By Nick Mulvenney
MELBOURNE, Jan 23 (Reuters) - Jo-Wilfried Tsonga strayed on to dangerous ground when he suggested jokingly that women tennis players were "emotionally unstable" compared to the men after losing his Australian Open quarter-final on Wednesday.
The Frenchman's defeat to Swiss world number two Roger Federer at Melbourne Park meant the top four men's seeds reached the semi-finals at a grand slam for the 15th time in the professional era.
While the seventh seed was clear in his mind why the top men dominated, he quickly realised he was on shakier ground when asked why the same was not the case in the women's game.
"You know, the girls, they are more unstable emotionally than us. I'm sure everybody will say it's true - even the girls," he told a news conference to laughter, before adding when women journalists disagreed: "No? You don't think?"
"It's just about hormones and all this stuff," he added, a big smile on his face. "We don't have all these bad things, so we are physically in a good shape every time, and you are not. That's it."
Women's world number three Serena Williams, renowned for her toughness on court, would have begged to differ with Tsonga after a painful back injury contributed to her loss to fellow American Sloane Stephens in the last eight earlier on Wednesday.
Tsonga was completely at a loss, however, when asked to explain why he could play such a close five-set match against 17-times grand slam champion Federer and yet not break the cabal of the "Big Four" in men's tennis.
"To be honest, I have no idea," he said. "You know, if you have some advice for me, I will take it because I don't know. I don't know what is the difference.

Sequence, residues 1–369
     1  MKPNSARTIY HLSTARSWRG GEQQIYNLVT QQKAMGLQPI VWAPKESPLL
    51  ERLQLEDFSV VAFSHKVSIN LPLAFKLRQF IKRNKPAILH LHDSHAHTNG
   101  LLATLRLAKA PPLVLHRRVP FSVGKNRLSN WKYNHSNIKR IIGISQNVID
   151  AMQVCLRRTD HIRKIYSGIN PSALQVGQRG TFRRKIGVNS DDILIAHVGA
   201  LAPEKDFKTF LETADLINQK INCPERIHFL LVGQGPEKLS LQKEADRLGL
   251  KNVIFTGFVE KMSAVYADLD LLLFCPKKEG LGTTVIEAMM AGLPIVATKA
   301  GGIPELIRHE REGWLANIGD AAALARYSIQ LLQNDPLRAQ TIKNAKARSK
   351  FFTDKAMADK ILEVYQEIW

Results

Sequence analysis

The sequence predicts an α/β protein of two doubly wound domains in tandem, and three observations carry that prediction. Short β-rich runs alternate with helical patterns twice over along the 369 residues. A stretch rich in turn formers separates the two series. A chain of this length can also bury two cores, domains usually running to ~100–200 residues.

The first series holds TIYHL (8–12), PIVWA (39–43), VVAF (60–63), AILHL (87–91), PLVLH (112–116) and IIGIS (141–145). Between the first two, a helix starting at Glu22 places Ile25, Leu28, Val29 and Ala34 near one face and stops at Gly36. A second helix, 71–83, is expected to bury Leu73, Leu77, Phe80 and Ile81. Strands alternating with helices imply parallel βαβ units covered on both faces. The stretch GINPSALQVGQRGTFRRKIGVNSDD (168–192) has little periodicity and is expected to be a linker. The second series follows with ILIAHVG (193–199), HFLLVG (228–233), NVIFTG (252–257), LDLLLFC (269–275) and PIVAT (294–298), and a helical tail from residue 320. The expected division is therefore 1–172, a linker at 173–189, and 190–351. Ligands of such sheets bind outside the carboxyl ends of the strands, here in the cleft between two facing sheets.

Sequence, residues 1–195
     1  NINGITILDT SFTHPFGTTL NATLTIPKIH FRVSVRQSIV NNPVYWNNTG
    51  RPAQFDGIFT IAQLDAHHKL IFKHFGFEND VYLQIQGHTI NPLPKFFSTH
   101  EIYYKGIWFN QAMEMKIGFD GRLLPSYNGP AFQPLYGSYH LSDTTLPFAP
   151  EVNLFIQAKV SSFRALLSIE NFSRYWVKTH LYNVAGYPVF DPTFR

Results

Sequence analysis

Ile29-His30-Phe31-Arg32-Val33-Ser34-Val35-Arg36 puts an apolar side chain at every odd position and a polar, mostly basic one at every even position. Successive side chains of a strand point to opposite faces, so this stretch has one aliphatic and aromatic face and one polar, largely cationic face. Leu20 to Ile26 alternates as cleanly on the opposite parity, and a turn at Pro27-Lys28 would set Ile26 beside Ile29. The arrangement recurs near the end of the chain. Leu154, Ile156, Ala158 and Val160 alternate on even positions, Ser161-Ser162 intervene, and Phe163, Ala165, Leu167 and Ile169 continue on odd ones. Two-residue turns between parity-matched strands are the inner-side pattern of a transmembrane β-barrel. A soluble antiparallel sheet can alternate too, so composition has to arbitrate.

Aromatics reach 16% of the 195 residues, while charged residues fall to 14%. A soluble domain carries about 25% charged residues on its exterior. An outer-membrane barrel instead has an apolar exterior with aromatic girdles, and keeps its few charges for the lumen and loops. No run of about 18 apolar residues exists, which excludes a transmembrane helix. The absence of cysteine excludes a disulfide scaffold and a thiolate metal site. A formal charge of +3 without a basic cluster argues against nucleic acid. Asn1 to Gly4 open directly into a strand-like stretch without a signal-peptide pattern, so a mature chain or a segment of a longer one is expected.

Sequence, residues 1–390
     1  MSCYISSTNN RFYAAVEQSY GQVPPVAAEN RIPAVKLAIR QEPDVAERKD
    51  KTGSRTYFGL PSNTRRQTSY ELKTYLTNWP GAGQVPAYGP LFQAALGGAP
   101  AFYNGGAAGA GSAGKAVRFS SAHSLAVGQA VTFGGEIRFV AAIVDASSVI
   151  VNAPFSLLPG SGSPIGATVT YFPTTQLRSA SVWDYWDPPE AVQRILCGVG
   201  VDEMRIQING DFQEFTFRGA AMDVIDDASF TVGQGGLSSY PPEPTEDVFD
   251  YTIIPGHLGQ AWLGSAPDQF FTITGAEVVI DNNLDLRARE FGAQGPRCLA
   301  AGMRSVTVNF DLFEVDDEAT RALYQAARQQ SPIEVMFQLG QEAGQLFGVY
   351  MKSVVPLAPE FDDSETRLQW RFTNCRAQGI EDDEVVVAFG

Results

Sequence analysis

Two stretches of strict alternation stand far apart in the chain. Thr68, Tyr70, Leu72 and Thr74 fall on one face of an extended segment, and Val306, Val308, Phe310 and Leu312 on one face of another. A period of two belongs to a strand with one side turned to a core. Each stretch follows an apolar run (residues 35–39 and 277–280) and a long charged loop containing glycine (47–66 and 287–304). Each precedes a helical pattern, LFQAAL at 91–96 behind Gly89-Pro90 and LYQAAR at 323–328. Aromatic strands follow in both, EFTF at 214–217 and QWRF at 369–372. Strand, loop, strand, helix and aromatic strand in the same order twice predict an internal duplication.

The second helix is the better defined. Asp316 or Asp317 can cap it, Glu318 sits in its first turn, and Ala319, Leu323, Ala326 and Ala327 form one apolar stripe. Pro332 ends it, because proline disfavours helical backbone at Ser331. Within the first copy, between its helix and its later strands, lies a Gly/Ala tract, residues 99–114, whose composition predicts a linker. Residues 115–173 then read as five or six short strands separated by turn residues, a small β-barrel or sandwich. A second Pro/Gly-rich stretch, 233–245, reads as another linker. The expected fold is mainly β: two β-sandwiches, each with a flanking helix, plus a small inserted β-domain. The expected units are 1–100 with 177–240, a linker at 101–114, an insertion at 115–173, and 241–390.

"I'm just working hard. I do my best. I mean, that's it. Maybe I'm less talented for the moment.
"In tennis, you know, you cannot lie," he added. "If they are number one, number two, number three, number four, it's because they deserve it and because they are the best players at the moment."
The 27-year-old gave as good as he got for most of an absorbing three-and-a-half hour contest with Federer on Rod Laver Arena before losing 7-6 4-6 7-6 3-6 6-3.
His defeat, along with Jeremy Chardy's loss to Andy Murray earlier in the day, means France will have gone three decades without a male grand slam champion by the time this year's French Open begins.
Tsonga came as close as any Frenchman has to ending the drought since Yannick Noah's 1983 win at Roland Garros when he lost to Novak Djokovic in the 2008 Australian Open final.
Despite being unhappy at his defeat to Federer, he said he would be straight back to work to prepare for his next attempt to break into the winners' circle at one of his sport's majors.
"I'm a bit in the bad mood because I lost it," he said. "But in other ways I played a good match. I was solid. I was there every time.
"I keep my level of concentration really high at all times. I just gave my best today, so I'm proud of that. I'm not happy to lose, and I already look forward for the next tournament, the next grand slam, to try another time." (Editing by Clare Fallon)